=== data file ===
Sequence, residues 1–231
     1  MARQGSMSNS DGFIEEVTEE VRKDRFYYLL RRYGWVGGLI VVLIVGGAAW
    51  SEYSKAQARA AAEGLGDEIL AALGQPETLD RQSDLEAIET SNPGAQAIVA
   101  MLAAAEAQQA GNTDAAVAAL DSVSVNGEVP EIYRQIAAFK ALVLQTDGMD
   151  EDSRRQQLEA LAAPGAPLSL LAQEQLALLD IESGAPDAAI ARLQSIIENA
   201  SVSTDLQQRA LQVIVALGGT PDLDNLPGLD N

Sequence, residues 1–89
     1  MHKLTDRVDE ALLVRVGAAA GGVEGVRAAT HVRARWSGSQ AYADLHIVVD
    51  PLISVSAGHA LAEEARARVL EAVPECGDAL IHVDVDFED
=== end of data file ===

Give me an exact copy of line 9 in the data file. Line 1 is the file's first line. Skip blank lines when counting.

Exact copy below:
    51  PLISVSAGHA LAEEARARVL EAVPECGDAL IHVDVDFED